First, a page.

Cleveland Foundation announces $17.9 million in grants

Health, the arts, and inclusive economic development a focus of second-quarter grantmaking


CLEVELAND – The Cleveland Foundation board of directors announced a total of $17.9 million in grants for the second quarter of 2014. The two largest grants approved will support priority projects at two of the area’s key institutions.

A $750,000 grant to MetroHealth will help launch a school-based health center model in partnership with the Cleveland Metropolitan School District. The grant will support a mobile health unit staffed by MetroHealth clinicians, which will be deployed during the school week at 23 district schools located near the health system’s community health centers and its main campus. The team will provide primary and preventive care to as many as 6,800 students in the first two years and will work to link students and their families to “medical homes” in close proximity to the participating schools.

A $625,000 grant to Cuyahoga Community College will support the college’s renewed focus on bolstering student graduation rates through a new program called “One Door Many Options.” The program will streamline the college’s service model to students, while providing more structured support services through the establishment of student-centered college success teams.

“Both of these grants provide key funding for initiatives that promote the success of young people in Cleveland, which has been a consistent focus in our first 100 years,” said Ronald B. Richard, President and CEO of the Cleveland Foundation. “The journey from cradle to college is not an easy one. We know healthier students are more successful students, and enrolling in college is just the first step in a journey toward college completion. We hope our early support of these important projects will help lead to their long-term success, as well as the success of our overall community.”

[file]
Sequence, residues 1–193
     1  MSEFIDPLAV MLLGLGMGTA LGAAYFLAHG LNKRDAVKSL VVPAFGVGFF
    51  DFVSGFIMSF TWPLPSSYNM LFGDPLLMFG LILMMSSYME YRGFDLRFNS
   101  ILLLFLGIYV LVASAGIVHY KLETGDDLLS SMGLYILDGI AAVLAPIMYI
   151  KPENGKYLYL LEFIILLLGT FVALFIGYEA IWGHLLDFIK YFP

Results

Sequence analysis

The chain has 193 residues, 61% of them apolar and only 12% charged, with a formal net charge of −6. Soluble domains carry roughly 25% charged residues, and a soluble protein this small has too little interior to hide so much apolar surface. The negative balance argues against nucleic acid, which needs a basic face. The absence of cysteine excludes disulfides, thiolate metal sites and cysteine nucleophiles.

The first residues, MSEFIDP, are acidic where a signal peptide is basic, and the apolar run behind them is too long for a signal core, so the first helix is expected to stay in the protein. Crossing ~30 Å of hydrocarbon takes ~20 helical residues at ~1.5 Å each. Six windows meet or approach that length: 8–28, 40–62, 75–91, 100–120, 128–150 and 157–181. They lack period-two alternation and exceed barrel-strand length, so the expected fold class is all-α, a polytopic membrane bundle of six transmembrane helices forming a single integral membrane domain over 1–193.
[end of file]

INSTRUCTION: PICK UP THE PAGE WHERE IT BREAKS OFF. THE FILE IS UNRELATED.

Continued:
Arts and Culture

The Cleveland Foundation board of directors approved a culminating series of grants for the foundation’s innovative audience development initiative for local arts organizations. Nine organizations participated in the Engaging the Future program, which the foundation launched in 2011 to help guide participants through the three-year process of analyzing how they were serving audiences and to provide opportunities for them to develop and test new and innovative approaches.

The grants approved this quarter will allow five organizations to bring creative audience development ideas – tested through the Engaging the Future process – to scale. In addition, for three of the organizations, funding will help them launch a permanent risk capital innovation fund, which they must match 1:1 through other funding.

  • $200,000 to Cleveland Play House to launch its Theatre@Home project, which centers around a digital application to give people access to behind-the-scenes information on all aspects of the theater in a game-like format.
  • $200,000 to Great Lakes Theater Festival, Inc. to take strategies it learned through Engaging the Future to attract non-traditional audiences for a classic theater company. The first project will involve a solo production of Les Miserables.
  • $20,000 to GroundWorks Dancetheater to implement the It’s Your Move project, a video and technology-based effort to engage everyday residents in GroundWorks’ creative process. GroundWorks encourages people to videotape a physical “move” of their own invention with their phone or video camera and send it for posting on the organization’s website. The dance company may use these “moves” as inspiration in choreographing new dances, making the audience an artistic collaborator.
  • $200,000 to the Museum of Contemporary Art (MOCA) Cleveland to establish the MOCA Thursdays project. Beginning this year, the effort will provide summer programming on the plaza adjacent to MOCA in Uptown. The programming will be designed especially to engage young people and older adults in MOCA.